Here's where things get interesting...let's make up a taiko player; we'll call him King. King is recognized in taiko circles as a competent taiko player of 20 years. Imagine that King is playing a song on a slant stand taiko (naname). I don't think anyone would say that example wasn't taiko, right? Ok, good.

Now take that taiko away, keep the stand, and put a drum made by Remo - and let's say it's one of Remo's first-generation taiko, not ready for production or sale. It doesn't sound pretty, it doesn't look pretty. King plays the same song on the Remo taiko. Is it still taiko?

If you said no, then taiko to you is about the instrument. For you folks, what if instead the drum is "Japanese-style" taiko, made out of a single piece of hollowed-out tree trunk vs. "North American-style taiko", made from a wine barrel or slats of wood in that same manner? Is one type of drum more "authentic" taiko than another?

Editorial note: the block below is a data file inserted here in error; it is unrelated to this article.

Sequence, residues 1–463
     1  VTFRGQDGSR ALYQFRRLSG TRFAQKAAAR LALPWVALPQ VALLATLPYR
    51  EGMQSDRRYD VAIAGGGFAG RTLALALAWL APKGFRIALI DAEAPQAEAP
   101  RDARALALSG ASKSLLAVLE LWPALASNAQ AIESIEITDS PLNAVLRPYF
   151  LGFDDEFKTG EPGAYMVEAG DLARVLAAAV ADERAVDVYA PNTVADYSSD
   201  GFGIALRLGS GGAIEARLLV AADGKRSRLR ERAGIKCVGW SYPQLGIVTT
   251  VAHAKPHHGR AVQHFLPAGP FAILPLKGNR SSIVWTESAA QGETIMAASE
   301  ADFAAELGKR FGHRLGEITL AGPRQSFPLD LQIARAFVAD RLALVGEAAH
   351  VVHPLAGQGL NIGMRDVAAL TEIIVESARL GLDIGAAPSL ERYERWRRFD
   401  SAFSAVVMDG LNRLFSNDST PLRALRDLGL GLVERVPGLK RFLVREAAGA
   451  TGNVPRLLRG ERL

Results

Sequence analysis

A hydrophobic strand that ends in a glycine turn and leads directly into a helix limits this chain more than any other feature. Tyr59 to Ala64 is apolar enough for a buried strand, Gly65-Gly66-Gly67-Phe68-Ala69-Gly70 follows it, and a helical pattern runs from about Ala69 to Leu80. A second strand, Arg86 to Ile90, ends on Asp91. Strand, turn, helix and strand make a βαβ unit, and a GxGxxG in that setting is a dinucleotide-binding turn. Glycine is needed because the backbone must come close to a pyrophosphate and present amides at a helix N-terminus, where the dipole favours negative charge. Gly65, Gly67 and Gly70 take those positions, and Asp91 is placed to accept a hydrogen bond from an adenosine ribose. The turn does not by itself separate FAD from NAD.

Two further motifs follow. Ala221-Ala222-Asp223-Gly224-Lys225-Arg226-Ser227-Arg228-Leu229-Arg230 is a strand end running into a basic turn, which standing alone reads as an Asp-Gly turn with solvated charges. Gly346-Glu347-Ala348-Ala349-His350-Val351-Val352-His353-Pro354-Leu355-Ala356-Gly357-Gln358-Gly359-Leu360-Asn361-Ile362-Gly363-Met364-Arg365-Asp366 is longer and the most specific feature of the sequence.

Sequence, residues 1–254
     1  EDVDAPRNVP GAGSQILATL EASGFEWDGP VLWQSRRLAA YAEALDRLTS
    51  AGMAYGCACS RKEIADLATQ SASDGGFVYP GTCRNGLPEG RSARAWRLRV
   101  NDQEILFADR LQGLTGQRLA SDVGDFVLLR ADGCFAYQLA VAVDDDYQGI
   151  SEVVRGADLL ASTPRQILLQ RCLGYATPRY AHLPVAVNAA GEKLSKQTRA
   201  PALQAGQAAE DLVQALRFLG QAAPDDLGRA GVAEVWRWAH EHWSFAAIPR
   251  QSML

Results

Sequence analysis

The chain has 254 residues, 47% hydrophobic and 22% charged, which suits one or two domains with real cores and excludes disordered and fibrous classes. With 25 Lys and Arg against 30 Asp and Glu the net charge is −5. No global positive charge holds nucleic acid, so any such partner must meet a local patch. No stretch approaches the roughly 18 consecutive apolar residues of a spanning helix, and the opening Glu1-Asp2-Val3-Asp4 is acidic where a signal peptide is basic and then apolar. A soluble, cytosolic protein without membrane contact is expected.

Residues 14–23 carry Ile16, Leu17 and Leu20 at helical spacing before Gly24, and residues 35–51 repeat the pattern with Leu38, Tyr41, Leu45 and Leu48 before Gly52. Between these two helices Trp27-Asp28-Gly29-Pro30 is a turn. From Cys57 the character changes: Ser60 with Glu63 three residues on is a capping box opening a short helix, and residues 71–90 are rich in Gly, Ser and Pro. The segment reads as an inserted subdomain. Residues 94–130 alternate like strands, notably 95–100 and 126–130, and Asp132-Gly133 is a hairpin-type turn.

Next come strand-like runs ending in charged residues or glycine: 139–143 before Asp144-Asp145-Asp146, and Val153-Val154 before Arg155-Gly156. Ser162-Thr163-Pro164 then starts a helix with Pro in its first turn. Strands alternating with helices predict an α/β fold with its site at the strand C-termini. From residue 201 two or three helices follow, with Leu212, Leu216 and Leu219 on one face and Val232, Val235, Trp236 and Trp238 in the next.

If you said yes, then taiko to you is about the person playing it. But is it the years spent training or the intention of said player? If it's just years of experience, then where does improvement or talent lie - does it have a place in defining who is a "taiko player"? If it's in the intention of the player, what if you can't see them - if it's a recording or you're around the corner and you only have the audio? Can you *hear* intention? Some might argue yes...

So what is taiko?

Next quandry! Queen is a master percussionist and dancer, who bought a bootleg tape of one of King's performances. There's no context for what King is doing; it's simply music, intention, movement, and energy. Queen studies the tape obsessively and can now duplicate King's every nuance. She gets a hold of a "real" taiko (whatever you define as "real") and performs the same song King played above, without error or deviance. Is that taiko?

If you said no, why not? The only things lacking here are context and perhaps intention - but to the non-taiko audience, it's taiko! It walks like a duck, quacks like a duck, smells like a duck... So is taiko more about the *intention* of the player?